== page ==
Blazek v. City of Omaha

Annotate this Case

441 N.W.2d 205 (1989)

232 Neb. 562

Don BLAZEK, Sr., doing business as Blazek Auto Parts, Appellant, v. CITY OF OMAHA, a Municipal Corporation, Appellee.

No. 87-1019.

Supreme Court of Nebraska.

June 16, 1989.

*206 John W. Steele, of Schumacher & Achelpohl, Omaha, for appellant.

Herbert M. Fitle, Omaha City Atty., James E. Fellows, and Wendy E. Hahn, Omaha, for appellee.


BOSLAUGH, Justice.

The plaintiff, Don Blazek, Sr., doing business as Blazek Auto Parts, commenced this action to obtain a declaratory judgment declaring that the part of the Omaha Municipal Code which regulates the automotive salvage business is unconstitutional. The defendant, City of Omaha, filed an answer and a motion for summary judgment. The trial court found that the plaintiff lacked standing to challenge the ordinance, that the action was barred by res judicata, and that the defendant's motion should be sustained. The plaintiff has appealed.

The first amended petition alleged that the plaintiff operates a licensed used car business and automotive parts business in *207 Omaha, Nebraska; that the plaintiff buys used, abandoned, and wrecked automobiles for the purpose of repairing and reconditioning them; that it is often necessary to take the used cars apart to see if they are repairable; that the plaintiff has attempted to comply with the ordinance but is unsure of his rights and has been repeatedly threatened with prosecution for operating a salvage business in violation of the ordinance; and that the ordinance is unconstitutionally vague, overbroad, and not uniformly enforced or subject to being uniformly enforced. The plaintiff prayed for a judgment declaring the ordinance unconstitutional and enjoining the defendant from prosecuting the plaintiff under the ordinance.

The evidence received at the hearing on the motion for summary judgment consisted of the records in six previous cases involving controversies between the defendant and the plaintiff concerning the ordinance.

On May 30, 1986, the city commenced an action against the plaintiff to enjoin him from operating an automobile salvage business on the premises without a permit. The petition alleged that the plaintiff was then operating an automobile salvage business in violation of the ordinance; that the plaintiff's permit to operate the business had been revoked on October 14, 1985; that the plaintiff's application for a new permit was denied on February 11, 1986; that the plaintiff's petition in error to review the denial of a permit had been dismissed on May 22, 1986; and that the plaintiff continued to operate his salvage business in violation of the ordinance.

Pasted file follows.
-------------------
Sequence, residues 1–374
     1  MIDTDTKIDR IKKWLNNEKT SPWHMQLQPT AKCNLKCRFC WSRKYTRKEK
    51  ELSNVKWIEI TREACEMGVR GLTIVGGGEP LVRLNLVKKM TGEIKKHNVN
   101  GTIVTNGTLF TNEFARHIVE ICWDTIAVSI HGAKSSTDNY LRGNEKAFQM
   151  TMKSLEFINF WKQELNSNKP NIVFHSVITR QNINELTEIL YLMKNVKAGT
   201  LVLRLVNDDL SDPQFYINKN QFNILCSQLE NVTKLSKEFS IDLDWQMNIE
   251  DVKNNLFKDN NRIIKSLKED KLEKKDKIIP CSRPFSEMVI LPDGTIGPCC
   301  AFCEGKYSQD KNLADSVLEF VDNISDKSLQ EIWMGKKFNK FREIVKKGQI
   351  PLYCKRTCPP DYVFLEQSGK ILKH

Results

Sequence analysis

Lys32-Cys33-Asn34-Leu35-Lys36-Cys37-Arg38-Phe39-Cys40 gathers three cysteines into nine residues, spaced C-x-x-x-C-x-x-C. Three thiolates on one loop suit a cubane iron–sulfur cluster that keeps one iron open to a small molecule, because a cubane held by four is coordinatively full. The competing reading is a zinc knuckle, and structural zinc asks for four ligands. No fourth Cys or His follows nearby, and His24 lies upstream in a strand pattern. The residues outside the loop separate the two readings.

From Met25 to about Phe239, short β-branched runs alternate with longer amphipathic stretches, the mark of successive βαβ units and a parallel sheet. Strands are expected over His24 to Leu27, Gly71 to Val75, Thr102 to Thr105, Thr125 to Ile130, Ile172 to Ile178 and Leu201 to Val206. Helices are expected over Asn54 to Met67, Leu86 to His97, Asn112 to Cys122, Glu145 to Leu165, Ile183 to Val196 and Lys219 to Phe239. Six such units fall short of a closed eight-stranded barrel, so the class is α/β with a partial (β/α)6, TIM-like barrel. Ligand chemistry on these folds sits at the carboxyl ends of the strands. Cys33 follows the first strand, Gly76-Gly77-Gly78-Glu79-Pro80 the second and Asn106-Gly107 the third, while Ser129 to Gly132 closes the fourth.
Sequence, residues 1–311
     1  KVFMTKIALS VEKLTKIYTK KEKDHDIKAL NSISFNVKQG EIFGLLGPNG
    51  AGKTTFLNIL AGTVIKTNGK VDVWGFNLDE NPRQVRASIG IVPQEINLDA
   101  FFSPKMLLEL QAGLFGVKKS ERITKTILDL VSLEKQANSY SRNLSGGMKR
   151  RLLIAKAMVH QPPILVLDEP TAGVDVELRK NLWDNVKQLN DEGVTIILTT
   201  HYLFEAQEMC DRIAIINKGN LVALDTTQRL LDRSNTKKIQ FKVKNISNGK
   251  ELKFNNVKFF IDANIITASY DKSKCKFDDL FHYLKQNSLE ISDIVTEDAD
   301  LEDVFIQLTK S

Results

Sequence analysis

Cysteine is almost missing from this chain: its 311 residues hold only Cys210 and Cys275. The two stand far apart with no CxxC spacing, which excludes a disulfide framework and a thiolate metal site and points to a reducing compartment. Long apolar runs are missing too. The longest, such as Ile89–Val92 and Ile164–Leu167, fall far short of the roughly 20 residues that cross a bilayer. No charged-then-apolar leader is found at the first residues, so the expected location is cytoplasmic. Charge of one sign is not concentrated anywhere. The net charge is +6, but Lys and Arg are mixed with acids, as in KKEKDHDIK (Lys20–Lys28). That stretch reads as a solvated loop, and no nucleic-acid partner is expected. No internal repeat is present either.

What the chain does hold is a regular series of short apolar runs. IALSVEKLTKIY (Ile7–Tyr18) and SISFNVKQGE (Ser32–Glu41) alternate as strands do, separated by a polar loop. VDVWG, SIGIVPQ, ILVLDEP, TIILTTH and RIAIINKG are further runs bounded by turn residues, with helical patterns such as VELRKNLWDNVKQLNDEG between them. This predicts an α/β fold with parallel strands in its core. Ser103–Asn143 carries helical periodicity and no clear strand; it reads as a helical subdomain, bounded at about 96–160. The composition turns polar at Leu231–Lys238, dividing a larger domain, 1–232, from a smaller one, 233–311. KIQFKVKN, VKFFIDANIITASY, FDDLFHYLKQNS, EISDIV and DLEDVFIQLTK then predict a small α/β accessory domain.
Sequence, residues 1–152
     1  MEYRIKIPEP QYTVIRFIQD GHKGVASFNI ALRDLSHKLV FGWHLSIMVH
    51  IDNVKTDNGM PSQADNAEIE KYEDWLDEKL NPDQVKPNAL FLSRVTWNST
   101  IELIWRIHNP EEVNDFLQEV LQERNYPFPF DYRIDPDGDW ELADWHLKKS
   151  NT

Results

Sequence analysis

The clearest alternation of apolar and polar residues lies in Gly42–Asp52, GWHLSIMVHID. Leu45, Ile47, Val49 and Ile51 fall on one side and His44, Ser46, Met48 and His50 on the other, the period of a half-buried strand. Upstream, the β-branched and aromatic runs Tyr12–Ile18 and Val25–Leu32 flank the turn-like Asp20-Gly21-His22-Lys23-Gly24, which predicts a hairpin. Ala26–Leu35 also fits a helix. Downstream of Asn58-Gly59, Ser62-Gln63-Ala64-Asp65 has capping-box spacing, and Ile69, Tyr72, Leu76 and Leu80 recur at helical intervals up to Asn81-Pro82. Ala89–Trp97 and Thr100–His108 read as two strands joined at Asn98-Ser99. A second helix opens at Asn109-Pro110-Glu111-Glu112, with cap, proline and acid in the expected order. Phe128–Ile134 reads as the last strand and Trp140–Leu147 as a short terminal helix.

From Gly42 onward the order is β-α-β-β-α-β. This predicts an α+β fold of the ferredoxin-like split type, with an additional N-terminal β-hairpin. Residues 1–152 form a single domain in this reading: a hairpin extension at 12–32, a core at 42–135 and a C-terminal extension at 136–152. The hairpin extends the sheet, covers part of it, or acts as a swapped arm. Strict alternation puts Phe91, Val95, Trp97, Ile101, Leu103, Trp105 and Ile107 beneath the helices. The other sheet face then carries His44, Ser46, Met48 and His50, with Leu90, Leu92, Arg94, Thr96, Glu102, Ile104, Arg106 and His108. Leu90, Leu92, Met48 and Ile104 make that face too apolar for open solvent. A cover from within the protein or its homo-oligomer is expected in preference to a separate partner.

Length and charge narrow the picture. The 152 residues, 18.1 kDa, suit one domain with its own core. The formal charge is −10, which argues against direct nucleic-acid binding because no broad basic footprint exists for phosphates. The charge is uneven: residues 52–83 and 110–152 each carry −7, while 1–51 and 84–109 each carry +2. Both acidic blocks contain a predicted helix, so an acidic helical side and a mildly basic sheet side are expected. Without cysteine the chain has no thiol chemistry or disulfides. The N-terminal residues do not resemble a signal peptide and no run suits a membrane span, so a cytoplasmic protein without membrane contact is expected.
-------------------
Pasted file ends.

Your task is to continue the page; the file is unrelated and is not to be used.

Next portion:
The action commenced May 30, 1986, resulted in a consent decree entered on June 12, 1986, which permanently enjoined the plaintiff from operating an automotive salvage business without a permit from the city. The finding of the trial court that this action was barred by res judicata was based upon the judgment entered on June 12, 1986.

The plaintiff contends that res judicata is not applicable because the validity of the ordinance was not an issue in the prior action, and a prior consent decree may not be used as a basis for res judicata.

The fact that the validity of the ordinance was not raised in the prior action is not controlling. Res judicata applies to both the issues raised and issues which could have been raised in the prior litigation. If the ordinance was invalid, that could have been raised by the plaintiff as a defense to the relief the city requested and obtained in the prior action.

A judgment of the district court in a former action is final as to every issue there decided and every other issue which could have been decided in the case. Farmers State Bank v. Germer, 231 Neb. 572, 437 N.W.2d 463 (1989).

A consent decree or consent judgment operates on the merits, and is as final and binding upon the parties as a decree rendered after a hearing on the merits. State ex rel. Beck v. Lush, 170 Neb. 376, 103 N.W.2d 136 (1960). A consent judgment is given greater force than an ordinary judgment and, generally, may not be modified or set aside except for fraud or mutual mistake. McArthur v. Thompson, 140 Neb. 408, 299 N.W. 519 (1941); Kanouff v. Norton, 160 Neb. 593, 71 N.W.2d 89 (1955); Detter v. Erpelding, 176 Neb. 600, 126 N.W.2d 827 (1964); Lawson v. Lawson, 185 Neb. 164, 174 N.W.2d 202 (1970).

Except where an important public policy would be violated, judgments entered by agreement or consent are generally given a conclusive effect and are res judicata. See, Loup County v. Rumbaugh, 151 Neb. 563, 38 N.W.2d 745 (1949); Annot., 91 A.L.R.3d 1170 (1979).

It is unnecessary to consider the other assignments of error. The judgment of the district court is affirmed.